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Chris Warfield
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Looks like we have our "PR success story or mishap" to discuss with Mike on our next call...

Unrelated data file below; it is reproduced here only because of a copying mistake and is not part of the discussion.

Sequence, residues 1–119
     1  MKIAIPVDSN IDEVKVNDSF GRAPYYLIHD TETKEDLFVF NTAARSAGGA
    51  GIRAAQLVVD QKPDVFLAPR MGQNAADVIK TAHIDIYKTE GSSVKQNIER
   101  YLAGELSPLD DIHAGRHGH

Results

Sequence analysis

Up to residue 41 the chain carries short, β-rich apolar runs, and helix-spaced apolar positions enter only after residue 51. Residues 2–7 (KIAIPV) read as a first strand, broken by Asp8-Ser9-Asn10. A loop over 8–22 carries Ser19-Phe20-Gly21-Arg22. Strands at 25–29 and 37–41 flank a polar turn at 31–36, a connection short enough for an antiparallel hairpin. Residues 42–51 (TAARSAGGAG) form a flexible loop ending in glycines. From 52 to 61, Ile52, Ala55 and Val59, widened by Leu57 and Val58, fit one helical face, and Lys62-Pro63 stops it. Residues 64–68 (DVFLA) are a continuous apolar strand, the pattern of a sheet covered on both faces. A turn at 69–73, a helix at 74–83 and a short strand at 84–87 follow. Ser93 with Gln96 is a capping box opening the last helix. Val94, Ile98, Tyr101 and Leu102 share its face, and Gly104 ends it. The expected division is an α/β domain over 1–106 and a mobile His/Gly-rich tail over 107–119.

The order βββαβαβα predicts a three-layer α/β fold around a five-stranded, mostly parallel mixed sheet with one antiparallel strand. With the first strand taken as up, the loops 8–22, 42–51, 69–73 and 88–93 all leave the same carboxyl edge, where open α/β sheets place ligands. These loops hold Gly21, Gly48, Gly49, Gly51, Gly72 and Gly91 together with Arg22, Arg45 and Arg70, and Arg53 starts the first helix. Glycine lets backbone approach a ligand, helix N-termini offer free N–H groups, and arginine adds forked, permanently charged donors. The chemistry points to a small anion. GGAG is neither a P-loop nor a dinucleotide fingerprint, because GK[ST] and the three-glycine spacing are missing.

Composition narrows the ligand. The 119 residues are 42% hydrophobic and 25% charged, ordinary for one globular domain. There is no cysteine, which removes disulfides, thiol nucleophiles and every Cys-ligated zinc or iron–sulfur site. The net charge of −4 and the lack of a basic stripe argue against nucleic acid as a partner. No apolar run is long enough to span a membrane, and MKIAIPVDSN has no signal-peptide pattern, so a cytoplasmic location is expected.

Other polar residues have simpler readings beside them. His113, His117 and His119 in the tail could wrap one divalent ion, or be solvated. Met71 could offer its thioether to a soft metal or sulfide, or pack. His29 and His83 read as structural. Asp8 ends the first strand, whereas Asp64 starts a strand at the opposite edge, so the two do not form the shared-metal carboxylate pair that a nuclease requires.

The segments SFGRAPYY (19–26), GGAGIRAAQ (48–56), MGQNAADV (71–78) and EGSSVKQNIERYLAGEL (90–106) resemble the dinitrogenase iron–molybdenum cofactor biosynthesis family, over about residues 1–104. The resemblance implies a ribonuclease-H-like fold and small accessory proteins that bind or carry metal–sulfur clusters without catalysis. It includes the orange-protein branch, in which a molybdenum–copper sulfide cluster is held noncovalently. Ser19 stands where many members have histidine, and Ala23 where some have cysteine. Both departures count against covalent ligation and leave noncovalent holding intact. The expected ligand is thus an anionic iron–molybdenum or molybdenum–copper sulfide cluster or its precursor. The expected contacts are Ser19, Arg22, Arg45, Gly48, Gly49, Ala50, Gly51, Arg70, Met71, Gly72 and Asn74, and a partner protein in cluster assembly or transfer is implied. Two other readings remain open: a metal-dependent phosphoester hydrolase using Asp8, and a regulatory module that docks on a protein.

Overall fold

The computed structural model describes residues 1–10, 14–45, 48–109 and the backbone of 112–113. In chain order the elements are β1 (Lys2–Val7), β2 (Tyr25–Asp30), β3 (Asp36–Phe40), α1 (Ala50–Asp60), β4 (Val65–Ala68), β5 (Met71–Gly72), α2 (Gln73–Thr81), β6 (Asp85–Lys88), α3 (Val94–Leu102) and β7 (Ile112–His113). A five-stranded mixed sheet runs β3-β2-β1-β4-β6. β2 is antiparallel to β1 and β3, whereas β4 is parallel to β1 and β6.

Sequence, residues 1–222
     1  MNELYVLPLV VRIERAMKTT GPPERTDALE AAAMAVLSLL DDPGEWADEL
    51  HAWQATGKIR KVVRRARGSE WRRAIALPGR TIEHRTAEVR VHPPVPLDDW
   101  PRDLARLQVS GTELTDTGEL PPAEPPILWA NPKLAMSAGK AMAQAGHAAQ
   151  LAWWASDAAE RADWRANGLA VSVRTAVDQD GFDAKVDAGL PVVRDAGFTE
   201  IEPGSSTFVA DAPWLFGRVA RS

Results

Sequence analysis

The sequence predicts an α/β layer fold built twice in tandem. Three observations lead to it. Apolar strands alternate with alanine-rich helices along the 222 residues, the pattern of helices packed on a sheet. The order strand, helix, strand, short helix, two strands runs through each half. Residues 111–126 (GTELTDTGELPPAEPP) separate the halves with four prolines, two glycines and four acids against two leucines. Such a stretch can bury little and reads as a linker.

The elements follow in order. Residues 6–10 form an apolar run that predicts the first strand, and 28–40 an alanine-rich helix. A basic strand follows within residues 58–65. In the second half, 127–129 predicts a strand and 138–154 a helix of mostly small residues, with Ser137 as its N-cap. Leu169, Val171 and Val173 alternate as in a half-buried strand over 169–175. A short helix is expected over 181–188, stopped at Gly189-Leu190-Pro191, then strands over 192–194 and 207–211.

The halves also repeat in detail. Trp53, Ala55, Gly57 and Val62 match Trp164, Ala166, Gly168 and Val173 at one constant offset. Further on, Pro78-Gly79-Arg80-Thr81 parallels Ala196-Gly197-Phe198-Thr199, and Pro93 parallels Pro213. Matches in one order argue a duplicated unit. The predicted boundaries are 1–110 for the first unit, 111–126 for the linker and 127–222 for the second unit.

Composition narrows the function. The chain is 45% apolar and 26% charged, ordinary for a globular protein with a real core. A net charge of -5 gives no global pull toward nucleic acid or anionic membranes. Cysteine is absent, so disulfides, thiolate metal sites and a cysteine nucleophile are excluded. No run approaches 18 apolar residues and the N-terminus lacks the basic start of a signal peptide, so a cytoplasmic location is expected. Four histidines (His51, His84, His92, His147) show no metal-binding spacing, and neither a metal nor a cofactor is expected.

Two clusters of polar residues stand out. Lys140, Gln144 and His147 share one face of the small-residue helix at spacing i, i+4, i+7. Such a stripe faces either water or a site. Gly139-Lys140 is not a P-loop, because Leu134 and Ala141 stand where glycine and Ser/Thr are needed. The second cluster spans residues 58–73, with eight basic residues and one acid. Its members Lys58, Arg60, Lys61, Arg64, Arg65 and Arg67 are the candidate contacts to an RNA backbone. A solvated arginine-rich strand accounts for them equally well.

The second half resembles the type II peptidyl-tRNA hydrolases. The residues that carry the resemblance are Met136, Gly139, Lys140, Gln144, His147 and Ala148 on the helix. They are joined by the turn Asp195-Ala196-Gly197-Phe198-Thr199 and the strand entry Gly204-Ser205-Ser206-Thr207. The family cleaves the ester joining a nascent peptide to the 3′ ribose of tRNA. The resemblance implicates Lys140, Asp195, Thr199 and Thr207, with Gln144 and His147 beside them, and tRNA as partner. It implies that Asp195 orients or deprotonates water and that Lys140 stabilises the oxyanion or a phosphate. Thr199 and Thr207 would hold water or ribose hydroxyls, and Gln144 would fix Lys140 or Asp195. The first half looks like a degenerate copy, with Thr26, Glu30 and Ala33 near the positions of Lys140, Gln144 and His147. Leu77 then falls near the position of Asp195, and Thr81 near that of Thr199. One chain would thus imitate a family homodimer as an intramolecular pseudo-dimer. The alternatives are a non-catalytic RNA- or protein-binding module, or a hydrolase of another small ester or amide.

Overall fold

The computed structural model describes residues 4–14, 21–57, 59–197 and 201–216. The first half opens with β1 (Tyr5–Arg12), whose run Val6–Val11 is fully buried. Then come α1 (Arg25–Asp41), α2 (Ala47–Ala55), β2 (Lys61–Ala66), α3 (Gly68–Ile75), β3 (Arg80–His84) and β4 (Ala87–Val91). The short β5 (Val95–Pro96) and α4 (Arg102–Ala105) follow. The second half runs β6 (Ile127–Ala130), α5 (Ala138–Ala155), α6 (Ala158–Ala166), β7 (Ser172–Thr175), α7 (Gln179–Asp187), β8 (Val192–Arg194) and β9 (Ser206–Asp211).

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Common sense rules the day. Companies with very public and long-standing profiles -- such as MSFT, GOOG, Y! -- have many employee bloggers that openly criticize or question their company's decision making, call out faults of products, and talk about industry trends, etc. Some folks were fired over the content of their blogs in the early days, but more recently these folks have been given more reign. At MSFT the guideline was that folks could not discuss products before they were announced, nothing illegal, be professional, and to bring it full circle - use common sense at to what should and shouldn't be posted. It gets a bit more tricky with emerging companies that in the process of defining themselves in the marketplace. Folks at these companies might want separate work and personal blogs, and/or flag content that is work related for marketing and PR before they receive the blog via a Google alert. Another example that comes to mind of an employee being asked to take down or pass protect a blog -- a fresh-out-of-college former colleague at Wagged had some very, um, explicit, party pics on her MySpace page. The page also noted that she worked at Wagged. She got a call from HR shortly after her first day of work, and edits were made to her site. Generally, employee blogs are a great way to humanize a company, and to provide information that is stripped of marketing jargon, but keep those pics of that great senior-year Halloween party on a password protected site;-)
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